TokenEx, a company founded in 2010, had won the 2016 Metro 50 Award. TokenEx was recognized as the Oklahoma City metro area’s No. 1 ranked company with three-year revenue growth of 578 percent. While it may have flown under the radar locally, TokenEx is having a major impact in the data protection industry.
A new fuel that might power the future of the world’s general aviation industry filled a small jar in a hangar at Ada Municipal Airport, looking as if it could have been a mug of amber ale. The new fuel was developed solely by Ada’s GAMI and is called G100UL for GAMI’s 100 Motor Octane Unleaded. It is awaiting certification by the Federal Aviation Administration and is lead-free.
A promising career as a securities lawyer awaited Doug Branch when he graduated from the University of Oklahoma College of Law in 1982. Oklahoma was the heart of a booming energy economy with lots of oil and gas firms that needed legal work as they raised capital and dealt with regulators.
Farrow is founder and CEO of a company called Compression Solutions Inc. that manufactures the Triple Play Pro and Triple Play VT devices for use by recovering surgical patients across the country. The devices also provide intermittent compression and cold therapy to prevent the development of blood clots in the lower leg.
Two decades after Oklahoma City embraced a groundbreaking initiative that remade the city through a series of pay-as-you-go projects, another initiative is emerging with implications for economic development. In October, the Brookings Institution announced that Oklahoma City is one of two pilot cities included in a study about developing an innovation district in an area of the city heavily focused on biotechnology research.
As a kid, nothing caught my attention like a “steamroller” smoothing down new road construction on the highway as we passed by. You’ve seen them a thousand times, a machine with big steel drums on each end that compacts new roadway at a blistering speed of 2 mph, or so. Today, they are known as road compactors because steam is so 19th century.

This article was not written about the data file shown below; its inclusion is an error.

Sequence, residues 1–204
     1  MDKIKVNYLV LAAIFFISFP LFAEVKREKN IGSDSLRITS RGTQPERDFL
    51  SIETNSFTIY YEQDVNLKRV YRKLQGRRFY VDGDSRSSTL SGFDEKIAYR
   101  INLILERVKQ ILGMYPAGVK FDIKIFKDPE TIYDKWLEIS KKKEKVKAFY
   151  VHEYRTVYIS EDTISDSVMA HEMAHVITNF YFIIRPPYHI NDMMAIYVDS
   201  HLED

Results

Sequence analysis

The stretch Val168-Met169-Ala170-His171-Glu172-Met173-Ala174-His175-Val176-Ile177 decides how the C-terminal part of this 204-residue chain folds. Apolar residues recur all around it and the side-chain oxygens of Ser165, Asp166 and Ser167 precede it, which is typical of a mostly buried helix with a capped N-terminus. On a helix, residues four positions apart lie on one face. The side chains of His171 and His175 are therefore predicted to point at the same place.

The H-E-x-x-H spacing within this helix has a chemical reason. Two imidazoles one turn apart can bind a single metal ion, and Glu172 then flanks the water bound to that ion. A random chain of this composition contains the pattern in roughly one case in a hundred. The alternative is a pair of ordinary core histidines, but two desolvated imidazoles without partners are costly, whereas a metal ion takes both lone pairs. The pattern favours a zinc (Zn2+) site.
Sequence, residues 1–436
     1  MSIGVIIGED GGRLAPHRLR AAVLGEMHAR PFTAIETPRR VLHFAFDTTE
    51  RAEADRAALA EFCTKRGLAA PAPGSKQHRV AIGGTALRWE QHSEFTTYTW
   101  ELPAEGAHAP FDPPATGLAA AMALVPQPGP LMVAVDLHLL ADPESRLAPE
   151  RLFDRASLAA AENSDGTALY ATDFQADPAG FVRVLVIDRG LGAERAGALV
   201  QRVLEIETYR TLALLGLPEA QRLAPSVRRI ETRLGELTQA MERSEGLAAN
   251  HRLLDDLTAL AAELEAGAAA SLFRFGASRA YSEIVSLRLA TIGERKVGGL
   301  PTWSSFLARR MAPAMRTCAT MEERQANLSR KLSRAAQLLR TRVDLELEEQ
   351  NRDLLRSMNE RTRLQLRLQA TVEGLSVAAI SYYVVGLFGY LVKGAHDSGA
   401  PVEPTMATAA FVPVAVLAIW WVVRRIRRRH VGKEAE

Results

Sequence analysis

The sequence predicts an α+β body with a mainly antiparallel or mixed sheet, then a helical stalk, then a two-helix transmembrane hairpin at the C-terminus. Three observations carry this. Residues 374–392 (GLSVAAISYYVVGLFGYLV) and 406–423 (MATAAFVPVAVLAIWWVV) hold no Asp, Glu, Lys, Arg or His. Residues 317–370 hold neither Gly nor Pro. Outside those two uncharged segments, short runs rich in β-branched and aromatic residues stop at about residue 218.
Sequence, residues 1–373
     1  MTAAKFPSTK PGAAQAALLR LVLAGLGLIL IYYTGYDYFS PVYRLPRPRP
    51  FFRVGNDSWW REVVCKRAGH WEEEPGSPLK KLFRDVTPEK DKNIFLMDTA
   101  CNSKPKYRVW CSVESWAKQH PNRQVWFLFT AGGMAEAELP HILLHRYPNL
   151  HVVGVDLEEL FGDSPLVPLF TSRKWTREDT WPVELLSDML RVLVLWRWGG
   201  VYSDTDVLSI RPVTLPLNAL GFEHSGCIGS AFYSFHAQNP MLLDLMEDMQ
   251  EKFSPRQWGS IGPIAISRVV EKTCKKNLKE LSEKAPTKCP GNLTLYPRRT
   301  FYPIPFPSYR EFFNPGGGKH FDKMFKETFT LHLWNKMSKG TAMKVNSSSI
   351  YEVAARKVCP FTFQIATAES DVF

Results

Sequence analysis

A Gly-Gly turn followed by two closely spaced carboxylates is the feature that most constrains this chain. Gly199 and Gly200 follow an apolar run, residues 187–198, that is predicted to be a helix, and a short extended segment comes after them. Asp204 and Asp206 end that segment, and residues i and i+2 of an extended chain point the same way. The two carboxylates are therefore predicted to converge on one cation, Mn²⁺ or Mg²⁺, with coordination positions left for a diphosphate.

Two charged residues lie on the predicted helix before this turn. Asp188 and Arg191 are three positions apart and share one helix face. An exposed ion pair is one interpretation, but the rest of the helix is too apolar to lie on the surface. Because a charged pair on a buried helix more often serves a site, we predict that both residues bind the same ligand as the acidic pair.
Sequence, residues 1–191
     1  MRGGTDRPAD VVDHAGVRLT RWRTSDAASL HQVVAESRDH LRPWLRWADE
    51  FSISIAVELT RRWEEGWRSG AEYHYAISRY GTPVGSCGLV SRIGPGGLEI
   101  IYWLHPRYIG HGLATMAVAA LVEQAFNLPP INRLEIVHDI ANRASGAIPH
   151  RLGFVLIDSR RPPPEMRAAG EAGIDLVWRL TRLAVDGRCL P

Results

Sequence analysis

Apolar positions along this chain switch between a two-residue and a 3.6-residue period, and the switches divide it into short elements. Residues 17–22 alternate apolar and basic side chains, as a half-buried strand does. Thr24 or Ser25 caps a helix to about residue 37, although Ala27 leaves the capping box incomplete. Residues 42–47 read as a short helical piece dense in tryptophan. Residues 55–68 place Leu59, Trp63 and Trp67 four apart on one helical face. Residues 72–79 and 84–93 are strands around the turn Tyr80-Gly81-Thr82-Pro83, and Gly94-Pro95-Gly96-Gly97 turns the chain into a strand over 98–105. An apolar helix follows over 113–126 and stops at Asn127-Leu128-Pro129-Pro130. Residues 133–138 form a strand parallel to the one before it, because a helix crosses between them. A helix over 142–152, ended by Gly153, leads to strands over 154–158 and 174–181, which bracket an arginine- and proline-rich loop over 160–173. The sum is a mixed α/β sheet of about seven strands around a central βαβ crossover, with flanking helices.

I once saw a documentary on the making of the iconic Gateway Arch in St. Louis. It was completed in 1965 with opposite sides going up simultaneously until they met 630 feet above the ground. Engineers had to ensure that when each side reached the other it was exactly where it needed to be to connect. There was no margin for error.
Farjo is chief operating officer of both EyeCRO and Charlesson, which are involved in research to advance treatments for eye disease such as age-related macular degeneration, diabetic retinopathy and ocular inflammation.
Heather Fahlenkamp is an associate professor in the School of Chemical Engineering at Oklahoma State University. She recently was honored with the 2015 Researcher of the Year award from the Oklahoma Bioscience Association.
Through BioShare, OBI will supply researchers with stem cells and other blood products, said Charles Mooney, the blood bank’s vice president of New Ventures & Quality Management.